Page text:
Little is known about the physiological changes that occur during acclimatization and how these changes influence plant survival and growth in the new environment. In particular, it is unclear to what extent in vitro-formed roots are functional in water uptake, particularly when the plantlet is exposed to conditions of increasing evaporative demand. Tissue-cultured shoots and plantlets (shoots with roots) were acclimatized by exposing them to a linear reduction in relative humidity (RH) from 99 % to 75%over 4 days. When conductance was measured at 95% RH (21 C), in vitro shoots and plantlets showed a very high initial conductance, followed by a gradual decline, reaching steady state in 12 hours. Acclimatized shoots and plantlets had a 50% lower initial conductance compared to nonacclimatized ones, and reached steady state in 4 hours. The reduction in conductance as a result of acclimatization most likely contributes to a reduced transpiration under conditions of increased evaporative demand. Roots formed in vitro were associated with a higher plant water status, suggesting that these roots were functional in water uptake. Relative water content of the shoot was positively correlated with leaf conductance and net photosynthesis. We suggest that tissue-cultured plantlets behave as hydraulically integrated units, in which there must be a coordination between control of water loss by the shoot and uptake of water by the root to maintain a favorable plant water balance. Our results also indicate that methods that use excised shoots or leaves to determine transpiration gravimetrically may not accurately represent the stomatal water loss characteristics of tissue-cultured plants.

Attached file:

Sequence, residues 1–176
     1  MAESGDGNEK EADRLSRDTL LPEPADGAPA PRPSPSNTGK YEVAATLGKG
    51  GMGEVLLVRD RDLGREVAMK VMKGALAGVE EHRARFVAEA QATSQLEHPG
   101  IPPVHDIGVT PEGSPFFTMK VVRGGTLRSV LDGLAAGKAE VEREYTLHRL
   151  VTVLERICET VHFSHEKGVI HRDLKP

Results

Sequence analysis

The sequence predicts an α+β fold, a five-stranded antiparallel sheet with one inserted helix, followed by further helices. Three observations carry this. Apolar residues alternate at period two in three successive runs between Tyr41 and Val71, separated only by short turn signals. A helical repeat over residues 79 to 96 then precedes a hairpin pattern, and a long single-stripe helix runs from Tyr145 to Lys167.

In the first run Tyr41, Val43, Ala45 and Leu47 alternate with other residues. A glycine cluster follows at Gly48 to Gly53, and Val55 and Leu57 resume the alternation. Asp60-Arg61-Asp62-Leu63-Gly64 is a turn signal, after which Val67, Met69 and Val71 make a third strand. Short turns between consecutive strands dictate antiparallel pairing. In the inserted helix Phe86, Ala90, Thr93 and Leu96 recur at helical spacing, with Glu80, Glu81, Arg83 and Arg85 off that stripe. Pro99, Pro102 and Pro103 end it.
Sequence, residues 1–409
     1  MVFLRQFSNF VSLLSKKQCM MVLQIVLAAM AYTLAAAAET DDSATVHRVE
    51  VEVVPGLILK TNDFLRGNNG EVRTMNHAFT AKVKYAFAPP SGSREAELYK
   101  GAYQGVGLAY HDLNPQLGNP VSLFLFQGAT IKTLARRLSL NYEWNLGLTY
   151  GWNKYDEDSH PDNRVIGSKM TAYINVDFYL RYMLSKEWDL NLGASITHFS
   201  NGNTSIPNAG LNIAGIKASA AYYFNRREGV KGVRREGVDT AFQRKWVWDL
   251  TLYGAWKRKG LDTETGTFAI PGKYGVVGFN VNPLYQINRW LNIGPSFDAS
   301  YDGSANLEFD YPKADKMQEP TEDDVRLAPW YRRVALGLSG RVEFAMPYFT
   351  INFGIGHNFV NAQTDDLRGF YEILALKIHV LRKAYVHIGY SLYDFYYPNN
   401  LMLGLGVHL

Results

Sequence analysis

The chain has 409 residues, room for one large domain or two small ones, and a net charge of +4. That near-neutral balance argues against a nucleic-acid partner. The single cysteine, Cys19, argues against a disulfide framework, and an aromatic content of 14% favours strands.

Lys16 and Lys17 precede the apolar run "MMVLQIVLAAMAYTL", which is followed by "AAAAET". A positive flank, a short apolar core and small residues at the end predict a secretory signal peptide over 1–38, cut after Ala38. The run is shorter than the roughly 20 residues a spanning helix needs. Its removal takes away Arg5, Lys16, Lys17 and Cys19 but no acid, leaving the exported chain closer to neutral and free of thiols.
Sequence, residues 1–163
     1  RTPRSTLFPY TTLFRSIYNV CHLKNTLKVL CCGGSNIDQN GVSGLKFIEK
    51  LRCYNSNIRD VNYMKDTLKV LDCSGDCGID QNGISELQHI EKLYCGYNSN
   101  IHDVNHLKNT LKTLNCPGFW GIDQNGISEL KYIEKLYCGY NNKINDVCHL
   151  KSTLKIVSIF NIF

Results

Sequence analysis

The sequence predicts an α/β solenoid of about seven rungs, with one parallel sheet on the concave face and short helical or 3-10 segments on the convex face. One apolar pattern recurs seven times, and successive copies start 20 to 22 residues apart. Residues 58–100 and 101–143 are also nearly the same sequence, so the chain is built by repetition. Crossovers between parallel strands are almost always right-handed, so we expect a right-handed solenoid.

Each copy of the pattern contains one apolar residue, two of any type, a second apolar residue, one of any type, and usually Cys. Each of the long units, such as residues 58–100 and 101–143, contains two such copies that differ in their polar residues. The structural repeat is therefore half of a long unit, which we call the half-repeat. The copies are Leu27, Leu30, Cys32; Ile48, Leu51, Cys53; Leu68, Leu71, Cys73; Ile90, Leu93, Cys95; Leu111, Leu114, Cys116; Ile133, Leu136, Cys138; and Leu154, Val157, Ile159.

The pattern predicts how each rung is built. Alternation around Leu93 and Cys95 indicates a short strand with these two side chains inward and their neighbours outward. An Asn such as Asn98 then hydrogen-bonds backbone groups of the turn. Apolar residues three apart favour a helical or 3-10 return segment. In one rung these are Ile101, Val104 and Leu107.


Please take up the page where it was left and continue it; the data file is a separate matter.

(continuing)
Juan C. Díaz-Pérez, Sharad C. Phatak, David Giddings, Denne Bertrand, and Harry A. Mills
Tomatillo (Physalis ixocarpa Brot. ex Hornem) is a popular crop in Mexico and other Latin American countries. There is an increasing demand for this vegetable in the United States, particularly from the growing Latino population. However, there is limited information about tomatillo production. The objectives of this study were to determine the effects of plastic mulches on plant growth, yield, and root zone temperature in two cultivars of tomatillo. The study was conducted in Spring and Summer 2000. The design was a randomized complete block with a split plot arrangement, where plastic film mulch (black, gray, and silver mulches, and bare soil) was the main plot and cultivar (`Toma Verde' and `Verde Puebla]) the subplot. In the spring, mulch treatments had little effect on plant growth during the first 30 days after transplanting and there were no significant differences in fruit yields. In the summer planting, both early growth and fruit yields were greatest with the silver and gray mulch treatments and lowest on bare soil. Plant growth during the establishment was related with subsequent plant growth and yield. In mature plants, vegetative top fresh weight and total fruit yield were higher (P < 0.01) in the spring than in the summer. Total fruit yield (both seasons), marketable yield (spring) and cull yield (spring) were lower in `Toma Verde' than in `Verde Puebla'. Root zone temperatures (RZTs) in the spring (mean = 26.4 °C) were lower than in the summer (mean = 29.3 °C). In both seasons, mean RZT was highest under black mulch and lowest in bare soil. In the summer, plant growth and fruit yields tended to decrease with increasing RZTs. Tomatillo plants grown on mulches with a mean seasonal RZT of 30 °C had fruit yields that were 65% (`Toma Verde') or 50% (`Verde Puebla') lower respectively than those of plants on mulches with a RZT of 27 °C. There were no significant differences in foliar concentrations of N, Ca, Mg, S, B, Zn, Cu and Na among mulches. Foliar concentrations of the majority of mineral nutrients were not related with the mean RZT for the season.